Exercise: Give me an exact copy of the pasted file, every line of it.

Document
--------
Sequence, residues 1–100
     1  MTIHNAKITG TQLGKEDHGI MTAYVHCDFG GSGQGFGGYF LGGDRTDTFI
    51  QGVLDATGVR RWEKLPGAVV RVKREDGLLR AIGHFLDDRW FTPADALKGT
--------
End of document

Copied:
Sequence, residues 1–100
     1  MTIHNAKITG TQLGKEDHGI MTAYVHCDFG GSGQGFGGYF LGGDRTDTFI
    51  QGVLDATGVR RWEKLPGAVV RVKREDGLLR AIGHFLDDRW FTPADALKGT